As you may very well know, I work at the Down Syndrome Association of Greater St. Louis. Quite the long name so we abbreviate it DSAGSL when talking formally or just DSA when with friends. But I digress.
One of the things I do at the DSA is send out a (almost) weekly email newsletter. I started it almost two years ago to let our members know what went on in the office during the week. It was nothing special, just me rambling on in my own goofy style and then doing a mail merge through Outlook to send it to a couple hundred email addresses. It has slowly transmogrified into much more of a newsletter with actual information about the DSAGSL, Down syndrome and other relevant disability news and happenings. Plus it has grown so well that I now have an intern helping me with it and is just about to tip the 800 email address mark. But again, I digress.
One of the things that I often do is at the very bottom I thank people for "reading my ramblings" and add a little personal commentary. Sometimes it is relevant to what the DSA does, but more often than not it is about my life, especially my girls. This past Friday I wrote about Olivia's DSA Book. Specifically I wrote:
"A couple of weeks ago I met with Olivia's (my 1st grader) teacher for conferences. We went over all of the things that Olivia is doing and my wife and I were shown a book that Olivia made. Olivia loves to draw and to read and to write, so we were not too surprised that she had made a book. However, when I read it I was extremely proud. Her book is titled The DSA. It is all about the Down Syndrome Association where her daddy works. She had pages about the Buddy Walk and the Walk In The Park, but my favorite is her page about her experience coming to work with me. I have taken that page and put in up on the web for all to see. Click here or on the image to the right to read my favorite page from her book. I hope you don't mind me bragging a little."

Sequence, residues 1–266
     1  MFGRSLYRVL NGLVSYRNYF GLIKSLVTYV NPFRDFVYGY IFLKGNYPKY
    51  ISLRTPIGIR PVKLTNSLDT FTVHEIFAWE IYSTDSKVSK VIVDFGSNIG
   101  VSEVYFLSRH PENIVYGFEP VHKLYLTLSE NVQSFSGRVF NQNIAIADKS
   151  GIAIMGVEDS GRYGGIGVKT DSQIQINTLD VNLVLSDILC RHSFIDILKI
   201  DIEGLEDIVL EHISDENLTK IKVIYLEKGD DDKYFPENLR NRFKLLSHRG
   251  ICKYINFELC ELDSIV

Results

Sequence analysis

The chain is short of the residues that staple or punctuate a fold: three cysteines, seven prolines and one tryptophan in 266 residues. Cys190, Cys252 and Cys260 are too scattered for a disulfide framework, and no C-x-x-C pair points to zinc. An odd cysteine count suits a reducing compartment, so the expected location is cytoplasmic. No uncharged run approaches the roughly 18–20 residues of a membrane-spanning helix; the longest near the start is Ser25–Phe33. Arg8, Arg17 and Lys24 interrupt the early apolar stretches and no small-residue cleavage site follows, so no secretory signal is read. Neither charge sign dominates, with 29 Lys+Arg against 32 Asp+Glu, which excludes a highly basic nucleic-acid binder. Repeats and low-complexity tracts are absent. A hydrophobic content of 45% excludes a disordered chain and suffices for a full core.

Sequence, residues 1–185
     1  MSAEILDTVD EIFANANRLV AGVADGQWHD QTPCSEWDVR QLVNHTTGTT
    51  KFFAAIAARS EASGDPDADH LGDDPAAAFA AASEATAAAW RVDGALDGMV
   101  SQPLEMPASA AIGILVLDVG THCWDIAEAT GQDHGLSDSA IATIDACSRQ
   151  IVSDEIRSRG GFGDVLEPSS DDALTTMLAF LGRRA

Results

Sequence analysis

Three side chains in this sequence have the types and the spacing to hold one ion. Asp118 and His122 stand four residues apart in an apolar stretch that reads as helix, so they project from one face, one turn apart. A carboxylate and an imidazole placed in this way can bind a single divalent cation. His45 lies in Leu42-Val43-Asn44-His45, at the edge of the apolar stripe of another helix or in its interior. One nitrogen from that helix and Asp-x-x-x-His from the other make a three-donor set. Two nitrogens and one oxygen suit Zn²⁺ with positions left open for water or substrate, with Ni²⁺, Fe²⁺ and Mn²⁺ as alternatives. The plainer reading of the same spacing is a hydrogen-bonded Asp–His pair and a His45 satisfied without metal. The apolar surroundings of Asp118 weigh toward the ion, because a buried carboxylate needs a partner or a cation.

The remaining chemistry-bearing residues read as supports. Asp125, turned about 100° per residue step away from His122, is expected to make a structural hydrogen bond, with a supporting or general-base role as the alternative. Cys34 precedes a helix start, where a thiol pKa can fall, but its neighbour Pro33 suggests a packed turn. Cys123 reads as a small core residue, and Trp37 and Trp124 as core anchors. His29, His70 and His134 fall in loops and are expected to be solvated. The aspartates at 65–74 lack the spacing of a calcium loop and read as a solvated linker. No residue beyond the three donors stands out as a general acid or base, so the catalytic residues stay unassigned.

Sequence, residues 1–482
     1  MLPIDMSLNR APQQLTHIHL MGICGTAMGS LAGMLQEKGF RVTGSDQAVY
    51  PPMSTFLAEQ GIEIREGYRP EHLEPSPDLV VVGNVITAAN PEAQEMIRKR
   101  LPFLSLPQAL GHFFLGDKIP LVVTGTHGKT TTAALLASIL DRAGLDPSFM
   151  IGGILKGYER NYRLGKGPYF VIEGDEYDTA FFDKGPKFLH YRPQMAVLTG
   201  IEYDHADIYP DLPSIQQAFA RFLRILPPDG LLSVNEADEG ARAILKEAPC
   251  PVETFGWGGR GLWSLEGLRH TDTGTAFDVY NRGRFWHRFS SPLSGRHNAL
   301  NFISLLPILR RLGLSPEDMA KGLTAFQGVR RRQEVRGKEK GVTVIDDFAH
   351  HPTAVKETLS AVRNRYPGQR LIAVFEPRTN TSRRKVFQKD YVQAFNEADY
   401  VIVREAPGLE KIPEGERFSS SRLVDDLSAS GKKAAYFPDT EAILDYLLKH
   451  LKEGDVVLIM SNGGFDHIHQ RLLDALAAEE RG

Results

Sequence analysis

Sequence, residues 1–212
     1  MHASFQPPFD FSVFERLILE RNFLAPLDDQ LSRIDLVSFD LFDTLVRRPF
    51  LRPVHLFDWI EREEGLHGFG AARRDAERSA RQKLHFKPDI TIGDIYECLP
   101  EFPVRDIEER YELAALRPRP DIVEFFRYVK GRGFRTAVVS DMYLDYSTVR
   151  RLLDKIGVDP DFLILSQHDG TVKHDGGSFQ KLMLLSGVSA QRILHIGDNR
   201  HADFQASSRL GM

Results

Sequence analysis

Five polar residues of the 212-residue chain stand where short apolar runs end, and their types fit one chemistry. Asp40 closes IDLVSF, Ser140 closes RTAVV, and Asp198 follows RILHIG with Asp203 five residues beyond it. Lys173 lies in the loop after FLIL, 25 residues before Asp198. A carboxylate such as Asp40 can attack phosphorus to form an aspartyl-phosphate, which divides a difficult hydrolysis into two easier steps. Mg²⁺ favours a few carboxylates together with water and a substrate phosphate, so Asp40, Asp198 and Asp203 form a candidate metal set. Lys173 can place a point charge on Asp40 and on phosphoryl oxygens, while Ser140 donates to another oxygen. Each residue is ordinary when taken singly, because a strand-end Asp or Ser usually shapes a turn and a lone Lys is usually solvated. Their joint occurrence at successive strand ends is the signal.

Within minutes of my sending out the message I got a reply, it was from a dad I know who has a son with Down syndrome, he wrote, "Jeff- thank you so much for including Olivia's page about the DSA! That made me cry! (not good, because I'm at a Microsoft class and I'm not supposed to be reading my email right now...)"
Then another mom with a son with Down syndrome sent me, "Hi Jeff, that sketch that Olivia did, and you posted about on the blast brought tears to my eyes! It was very sweet and what good lessons you are teaching her as she grows up. That girl will have a great impact on the world :)"
Yet another mom emailed, "I just wanted to send a note to let you know that I am also proud of your daughter Olivia. The page from her book brought tears to my eyes. She is SO right...they are the same on the inside. Pat yourself on the back dad...you're doing a great job!"
Plus a DSAGSL board member who does not happen to have a family member with Down syndrome sent me, "Absolutely terrific Olivia attachment! I printed off 2 copies.........one to hang in my office at St. Louis Children's Hospital and one to share with my family at home."
So, I guess when I am frustrated with my girls and their sassy attitudes I need to remember this and think that I while I don't know how to keep them from being sassy, I just might might have taught them something good.